Today, we meet a gentle mathematical powerhouse. The University of Houston's College of Engineering presents this series about the machines that make our civilization run, and the people whose ingenuity created them.
Emmy Noether could hardly have been anything but a mathematician. She was born in 1882 to a distinguished mathematics professor at Germany's University of Erlangen. He looked after the education of Emmy and her brother Fritz with great care and pride. But Emmy outreached expectation -- she made mathematical history.
She finished her Ph.D. at Erlangen when she was 25. Some called her work awe-inspiring, but Lynn Osen tells us that Noether later dismissed it as a "jungle of formulas." She had her sights on bigger game. She continued studying and living at home. Then she moved to Göttingen, where she could work with Hilbert and Weyl on the algebra of relativity theory. But Göttingen had no faculty posts for women. Hilbert fought for her. "After all," he said angrily, "the [faculty] is not a bath house!" She was finally put on an irregular appointment at a modest salary in 1922 -- when she was 40.
Two years earlier, she'd written a paper that helped set the very foundations of modern abstract algebra. By the time Göttingen grudgingly put her on the payroll, there was no doubt in anyone's mind that she was a remarkable mathematician. By the time the Nazis came to power, Noether was far and away the leading light at that great university.
Emmy Noether was a gentle, low-key lady -- on fire only with the flights of her imagination. But she was Jewish, and she held a quietly stated, but deeply felt, belief in pacifism. Her days in Germany were clearly numbered.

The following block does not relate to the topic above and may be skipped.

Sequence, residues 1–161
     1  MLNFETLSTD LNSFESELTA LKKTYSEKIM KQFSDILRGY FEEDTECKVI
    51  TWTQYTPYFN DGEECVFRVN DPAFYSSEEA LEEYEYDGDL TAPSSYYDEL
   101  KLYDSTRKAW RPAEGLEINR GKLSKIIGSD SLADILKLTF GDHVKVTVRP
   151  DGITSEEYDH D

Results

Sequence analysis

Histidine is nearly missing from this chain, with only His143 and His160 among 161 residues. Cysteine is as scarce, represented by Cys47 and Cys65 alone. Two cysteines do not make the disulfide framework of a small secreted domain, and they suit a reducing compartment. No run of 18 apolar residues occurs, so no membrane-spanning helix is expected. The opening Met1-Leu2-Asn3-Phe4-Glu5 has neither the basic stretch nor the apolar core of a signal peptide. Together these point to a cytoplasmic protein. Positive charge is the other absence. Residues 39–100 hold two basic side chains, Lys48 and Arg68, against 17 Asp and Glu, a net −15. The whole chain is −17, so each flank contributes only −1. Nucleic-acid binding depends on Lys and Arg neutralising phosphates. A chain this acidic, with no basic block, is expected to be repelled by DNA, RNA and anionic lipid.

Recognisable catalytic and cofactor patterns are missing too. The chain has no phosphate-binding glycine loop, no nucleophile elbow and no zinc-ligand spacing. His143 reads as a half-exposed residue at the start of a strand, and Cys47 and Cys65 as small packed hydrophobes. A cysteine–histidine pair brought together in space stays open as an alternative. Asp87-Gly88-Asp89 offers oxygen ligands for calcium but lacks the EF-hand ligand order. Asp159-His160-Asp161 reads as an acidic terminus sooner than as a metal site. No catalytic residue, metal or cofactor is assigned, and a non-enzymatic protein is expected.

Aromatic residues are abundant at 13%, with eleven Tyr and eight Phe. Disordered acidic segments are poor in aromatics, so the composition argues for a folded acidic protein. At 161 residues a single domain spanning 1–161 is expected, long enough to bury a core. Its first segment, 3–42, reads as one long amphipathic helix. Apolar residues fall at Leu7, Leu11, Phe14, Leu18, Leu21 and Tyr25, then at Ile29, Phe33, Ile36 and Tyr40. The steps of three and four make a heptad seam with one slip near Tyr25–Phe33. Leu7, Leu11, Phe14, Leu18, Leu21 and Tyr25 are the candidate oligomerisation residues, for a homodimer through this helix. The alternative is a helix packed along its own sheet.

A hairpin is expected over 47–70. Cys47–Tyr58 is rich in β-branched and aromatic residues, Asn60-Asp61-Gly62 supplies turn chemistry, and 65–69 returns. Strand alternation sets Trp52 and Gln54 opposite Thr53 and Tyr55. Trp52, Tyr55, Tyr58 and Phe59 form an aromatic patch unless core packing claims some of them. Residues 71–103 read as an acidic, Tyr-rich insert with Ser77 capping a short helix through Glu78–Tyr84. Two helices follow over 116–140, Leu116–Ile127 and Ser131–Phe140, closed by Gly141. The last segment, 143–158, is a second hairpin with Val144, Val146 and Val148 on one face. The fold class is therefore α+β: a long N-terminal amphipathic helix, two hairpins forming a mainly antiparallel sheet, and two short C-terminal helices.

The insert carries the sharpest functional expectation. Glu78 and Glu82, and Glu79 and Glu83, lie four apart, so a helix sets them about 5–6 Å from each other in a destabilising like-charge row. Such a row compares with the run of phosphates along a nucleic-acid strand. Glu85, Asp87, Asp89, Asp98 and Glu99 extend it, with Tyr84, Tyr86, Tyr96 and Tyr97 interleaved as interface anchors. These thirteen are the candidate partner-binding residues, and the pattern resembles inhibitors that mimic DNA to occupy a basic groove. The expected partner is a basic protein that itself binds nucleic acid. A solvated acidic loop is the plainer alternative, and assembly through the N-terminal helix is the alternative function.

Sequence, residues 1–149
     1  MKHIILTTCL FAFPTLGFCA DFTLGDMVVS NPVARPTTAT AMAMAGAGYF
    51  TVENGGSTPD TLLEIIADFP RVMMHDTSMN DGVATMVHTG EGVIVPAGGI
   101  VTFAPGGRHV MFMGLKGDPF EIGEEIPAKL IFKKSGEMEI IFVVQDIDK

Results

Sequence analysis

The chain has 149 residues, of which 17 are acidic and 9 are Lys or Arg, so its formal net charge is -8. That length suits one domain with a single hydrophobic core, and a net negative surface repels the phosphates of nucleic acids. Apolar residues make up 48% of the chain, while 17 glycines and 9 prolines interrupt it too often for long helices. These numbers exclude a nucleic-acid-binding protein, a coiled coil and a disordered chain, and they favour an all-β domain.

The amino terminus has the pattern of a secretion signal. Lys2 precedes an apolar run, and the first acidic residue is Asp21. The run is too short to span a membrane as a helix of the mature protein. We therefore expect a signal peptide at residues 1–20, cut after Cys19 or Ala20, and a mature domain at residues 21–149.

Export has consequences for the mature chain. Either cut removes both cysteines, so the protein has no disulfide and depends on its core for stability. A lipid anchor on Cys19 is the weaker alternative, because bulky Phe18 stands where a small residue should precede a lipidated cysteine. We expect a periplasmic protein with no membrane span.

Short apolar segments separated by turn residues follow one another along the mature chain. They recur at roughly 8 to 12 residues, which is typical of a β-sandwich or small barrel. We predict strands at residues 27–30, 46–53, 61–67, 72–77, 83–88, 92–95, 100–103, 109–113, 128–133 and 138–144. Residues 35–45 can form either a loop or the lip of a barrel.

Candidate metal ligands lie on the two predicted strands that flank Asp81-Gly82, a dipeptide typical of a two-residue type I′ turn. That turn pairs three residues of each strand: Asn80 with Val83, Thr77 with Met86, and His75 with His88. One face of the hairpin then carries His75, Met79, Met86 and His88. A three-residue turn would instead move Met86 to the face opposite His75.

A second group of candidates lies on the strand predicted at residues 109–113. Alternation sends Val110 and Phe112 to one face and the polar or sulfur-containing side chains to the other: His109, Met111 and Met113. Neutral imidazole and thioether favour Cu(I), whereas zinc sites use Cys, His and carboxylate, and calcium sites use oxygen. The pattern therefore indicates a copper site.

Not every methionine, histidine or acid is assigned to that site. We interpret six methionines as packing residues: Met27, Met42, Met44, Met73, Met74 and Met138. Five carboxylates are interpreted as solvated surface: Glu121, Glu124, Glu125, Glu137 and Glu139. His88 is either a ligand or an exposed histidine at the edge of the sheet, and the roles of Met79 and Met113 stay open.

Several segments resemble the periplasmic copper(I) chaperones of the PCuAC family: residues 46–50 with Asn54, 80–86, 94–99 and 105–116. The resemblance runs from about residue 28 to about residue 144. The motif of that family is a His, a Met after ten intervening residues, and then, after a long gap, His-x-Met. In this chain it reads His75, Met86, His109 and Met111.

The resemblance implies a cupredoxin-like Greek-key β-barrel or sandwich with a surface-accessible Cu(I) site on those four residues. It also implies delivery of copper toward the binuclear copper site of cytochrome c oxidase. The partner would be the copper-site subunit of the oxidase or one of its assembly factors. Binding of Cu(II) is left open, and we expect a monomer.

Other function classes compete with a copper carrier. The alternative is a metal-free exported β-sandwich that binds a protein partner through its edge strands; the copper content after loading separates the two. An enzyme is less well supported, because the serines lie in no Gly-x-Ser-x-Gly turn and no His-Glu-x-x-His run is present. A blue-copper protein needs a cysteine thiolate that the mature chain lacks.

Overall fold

Her brother Fritz fled to a research institute in Siberia, and in 1933 she made it to Bryn Mawr University in the United States. For two years she taught at both Bryn Mawr and the Princeton Institute for Advanced Studies. Then, in 1935, she underwent an operation, seemed to be recovering nicely, and suddenly died. Her New York Times obituary included this by Einstein:
In the realm of algebra ... which the most gifted mathematicians have [studied] for centuries, she discovered methods ... of enormous importance ...
Hermann Weyl had more personal things to say of her,
If we at Göttingen ... often referred to her as Der Noether (using the masculine article, der) it was ... done with a respectful recognition of her power as a creative thinker who seemed to have broken through the barrier of sex. ... She was a great mathematician, the greatest.
But in the end, Emmy Noether's human decency transcended even her own mathematical greatness. We find something you never see in academic honors:
She was warm, Weyl said, like a loaf of bread.
I'm John Lienhard, at the University of Houston, where we're interested in the way inventive minds work.
Osen, L.M., Women in Mathematics. Cambridge, MA: MIT Press, 1974, pp. 141-152.